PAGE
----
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Robotic Defastening


OUSD (R&E) CRITICAL TECHNOLOGY AREA(S): Integrated Sensing and Cyber;Human-Machine Interfaces;Trusted AI and Autonomy


The technology within this topic is restricted under the International Traffic in Arms Regulation (ITAR), 22 CFR Parts 120-130, which controls the export and import of defense-related material and services, including export of sensitive technical data, or the Export Administration Regulation (EAR), 15 CFR Parts 730-774, which controls dual use items. Offerors must disclose any proposed use of foreign nationals (FNs), their country(ies) of origin, the type of visa or work permit possessed, and the statement of work (SOW) tasks intended for accomplishment by the FN(s) in accordance with the Announcement. Offerors are advised foreign nationals proposed to perform on this topic may be restricted due to the technical data under US Export Control Laws.


OBJECTIVE: Develop AI assisted defastening robot to improve process time and quality.


DESCRIPTION: Various Programmed Depot Maintenance (PDM) processes require removal of fasteners on the aircraft to access behind aircraft skins. The defastening process is currently conducted across all aircraft at Tinker AFB (E-3, E-6, B-52, KC-135, KC-46, and B-1B) by production personnel with hand drills. This amounts to hundreds of thousands of hours spent removing fasteners annually. With the B-1B FIF workload coming to Tinker AFB in FY25, over 10,000 fasteners will need to be removed from each jet.   The defastening process is tedious and even the most skilled artisans are subject to fatigue, resulting in reduced quality over long periods of time, as well as increased risk of injury to personnel. Manual drilling is difficult and produces shavings and debris that prove challenging to collect, and drill bits tend to break quickly requiring frequent replacement. As the B-1B workload approaches, there is a concern that removing aircraft skins will become overwhelming to the production line and better methods need to be implemented before the workload arrives.   Automating the defastening process will significantly improve personnel quality of life, reduce process time, and drive down risk of rework. Robotics have been implemented in industry to assist the defastening process, but no directly on an aircraft. Other technology, such as E-Drill, has proven successful in improving quality and speed, but still requires artisans to easily access the skins with heavy equipment. 76 AMXG is unique in that the aircraft requirements for this technology is much larger than other ALC’s, requiring stricter parameters for space/motion.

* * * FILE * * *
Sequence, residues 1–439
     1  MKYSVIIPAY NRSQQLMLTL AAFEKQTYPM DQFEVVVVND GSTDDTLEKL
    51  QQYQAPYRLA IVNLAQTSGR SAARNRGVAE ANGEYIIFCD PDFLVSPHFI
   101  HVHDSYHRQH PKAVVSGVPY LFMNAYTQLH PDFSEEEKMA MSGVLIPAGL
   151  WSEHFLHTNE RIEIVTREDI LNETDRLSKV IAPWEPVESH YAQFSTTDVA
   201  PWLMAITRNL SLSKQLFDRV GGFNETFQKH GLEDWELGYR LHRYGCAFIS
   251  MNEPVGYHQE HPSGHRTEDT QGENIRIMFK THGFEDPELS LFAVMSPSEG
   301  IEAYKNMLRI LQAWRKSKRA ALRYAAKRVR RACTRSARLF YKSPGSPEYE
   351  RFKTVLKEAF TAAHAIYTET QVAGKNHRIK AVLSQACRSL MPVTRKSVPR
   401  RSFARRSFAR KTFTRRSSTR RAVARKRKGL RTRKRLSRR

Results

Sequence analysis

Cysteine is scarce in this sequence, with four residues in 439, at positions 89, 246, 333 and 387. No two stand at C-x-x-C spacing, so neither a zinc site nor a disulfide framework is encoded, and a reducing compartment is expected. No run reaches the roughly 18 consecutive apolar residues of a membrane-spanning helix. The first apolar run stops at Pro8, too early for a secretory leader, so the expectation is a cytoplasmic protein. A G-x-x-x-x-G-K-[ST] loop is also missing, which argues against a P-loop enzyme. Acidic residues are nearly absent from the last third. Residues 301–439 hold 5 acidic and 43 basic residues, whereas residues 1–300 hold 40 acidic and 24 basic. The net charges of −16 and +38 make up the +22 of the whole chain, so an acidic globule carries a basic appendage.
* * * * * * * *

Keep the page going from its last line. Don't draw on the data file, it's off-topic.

PHASE I: To meet Phase 1 requirements, proposers should be able to demonstrate an understanding of requirements of fastener removal on aircraft and show feasibility of defastening on aircraft with 50% or more time reduction compaired to manual process and maintain 95% accuracy.  Proposer should include a detailed plan for demonstrating this capability on military aircraft.


PHASE II: Provide mobile prototype capable of accomplishing Phase I requirements demonstrating ability to reduce flow days on various aircraft with various types of fasteners. Develop integration path to implementation across Maintenance Depots.


PHASE III DUAL USE APPLICATIONS: Integrate multiple mobile defastening robots into the PDM process, possibly across different aircraft, with data to prove efficiency/accuracy improvements.



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KEYWORDS: Robotic Defastening, Defastener, De-fastener, manual drill rivets, manual riveting, match drill, replacement skin, automated repair, structural repair, skin repair, fastening system, mobile robotic drilling, electrostatic discharge machining, E-Drill

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